Trip date: May 2021
Day 3. Sacramento to Sequoia - 252 miles
It took me just over 5 hours to drive from Sacramento to the Wuksachi Lodge in Sequoia National Park. Most of the drive was very boring; it was dry, dusty, and hot in central California and not a lot to look at. I took CA99 S to CA180 E and was sure to gas up in Dunlap, as there are no gas stations inside the park. That ended up not being entirely true as there is one station on Generals Highway that technically sits outside the park boundaries, but best to go in with a full tank.
My National Park pass allowed me free entry; even if you have a reservation at one of the lodges or campgrounds inside the park you will still be charged an entry fee if you don't have the pass. It was an easy but slow drive through the park to the lodge; it's a twisty road and you also need to be very aware of wildlife. It's also incredibly beautiful with huge groves of sequoias and pines everywhere.
At the Wuksachi I checked in at the main lodge and then drove off to find my building. All rooms are located about 200 feet away and there are parking lots for each building. Spring is bear season in Sequoia and it is no joke! The front desk told me that EVERYTHING needed to be removed from my car- hand lotion, worn masks, cans of Lacroix, grocery bags, etc. Bears can smell possible food sources from over one mile away and have no problem breaking into car trunks to get at it. Luckily there were luggage carts to help, even if I had to push it up a gravel trail to the front doors of my building!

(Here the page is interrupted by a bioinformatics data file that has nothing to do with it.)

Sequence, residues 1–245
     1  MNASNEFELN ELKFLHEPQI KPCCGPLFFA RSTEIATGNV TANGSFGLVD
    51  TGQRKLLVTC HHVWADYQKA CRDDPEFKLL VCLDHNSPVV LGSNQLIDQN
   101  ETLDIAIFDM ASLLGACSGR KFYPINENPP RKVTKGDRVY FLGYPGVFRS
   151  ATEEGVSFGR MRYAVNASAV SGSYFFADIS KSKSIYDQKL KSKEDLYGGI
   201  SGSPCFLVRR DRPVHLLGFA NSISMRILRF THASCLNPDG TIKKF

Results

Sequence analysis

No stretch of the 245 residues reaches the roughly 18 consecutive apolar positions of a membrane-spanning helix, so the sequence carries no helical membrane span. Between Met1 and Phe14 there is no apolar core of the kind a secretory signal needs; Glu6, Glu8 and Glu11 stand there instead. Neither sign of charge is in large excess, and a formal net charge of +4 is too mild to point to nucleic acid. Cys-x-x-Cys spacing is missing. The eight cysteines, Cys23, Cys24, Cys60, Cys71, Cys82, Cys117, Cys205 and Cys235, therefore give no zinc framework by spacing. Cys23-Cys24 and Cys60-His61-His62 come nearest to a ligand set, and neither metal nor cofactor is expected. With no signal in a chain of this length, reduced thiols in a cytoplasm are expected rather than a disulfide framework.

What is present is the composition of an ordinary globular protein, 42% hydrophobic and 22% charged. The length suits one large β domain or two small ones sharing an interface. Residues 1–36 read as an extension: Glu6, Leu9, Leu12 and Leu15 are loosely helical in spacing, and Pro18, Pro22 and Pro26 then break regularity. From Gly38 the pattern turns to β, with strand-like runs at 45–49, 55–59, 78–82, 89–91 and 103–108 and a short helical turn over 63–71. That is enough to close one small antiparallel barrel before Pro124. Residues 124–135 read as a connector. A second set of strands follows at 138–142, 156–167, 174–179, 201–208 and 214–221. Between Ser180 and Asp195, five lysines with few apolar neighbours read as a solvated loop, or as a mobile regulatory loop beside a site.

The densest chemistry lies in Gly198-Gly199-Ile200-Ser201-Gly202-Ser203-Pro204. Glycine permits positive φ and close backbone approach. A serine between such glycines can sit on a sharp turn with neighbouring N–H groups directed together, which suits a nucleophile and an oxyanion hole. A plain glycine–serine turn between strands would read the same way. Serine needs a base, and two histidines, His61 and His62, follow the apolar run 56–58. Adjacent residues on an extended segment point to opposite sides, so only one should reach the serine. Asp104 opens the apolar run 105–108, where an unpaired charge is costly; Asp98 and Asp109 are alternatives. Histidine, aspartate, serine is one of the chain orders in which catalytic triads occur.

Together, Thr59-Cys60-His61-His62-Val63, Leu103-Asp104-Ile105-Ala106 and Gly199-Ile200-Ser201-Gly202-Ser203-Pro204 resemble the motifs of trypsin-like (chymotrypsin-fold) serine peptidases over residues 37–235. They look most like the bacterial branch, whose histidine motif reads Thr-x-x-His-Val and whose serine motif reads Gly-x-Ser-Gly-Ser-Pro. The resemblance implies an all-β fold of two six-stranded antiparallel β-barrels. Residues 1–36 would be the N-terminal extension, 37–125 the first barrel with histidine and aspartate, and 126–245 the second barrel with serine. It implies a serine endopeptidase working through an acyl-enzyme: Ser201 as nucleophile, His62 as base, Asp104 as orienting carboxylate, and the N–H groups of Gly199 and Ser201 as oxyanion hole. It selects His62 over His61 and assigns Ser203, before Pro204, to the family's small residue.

In the morning I had a quick breakfast and coffee outside on the lodge's deck. It was an absolutely gorgeous day and I had a couple of hikes planned and was super excited to get started.
My first stop was Moro Rock, a large granite dome and a very popular hike. Normally you need to park pretty far from the trailhead and take a shuttle because the parking lot gets so crowded, but the shuttle wasn't running yet and I got very lucky with a parking lot right up front.
There are 350 steps that go directly up ½ mile to the top. It's not difficult but it is steep, the steps are very narrow, and it's at an elevation of 6725 feet. The views of the Great Western Divide from the top are absolutely amazing! Also I am supposedly the 4th generation of my family to have hiked up it, my great grandmother being the first to do it when she was 74!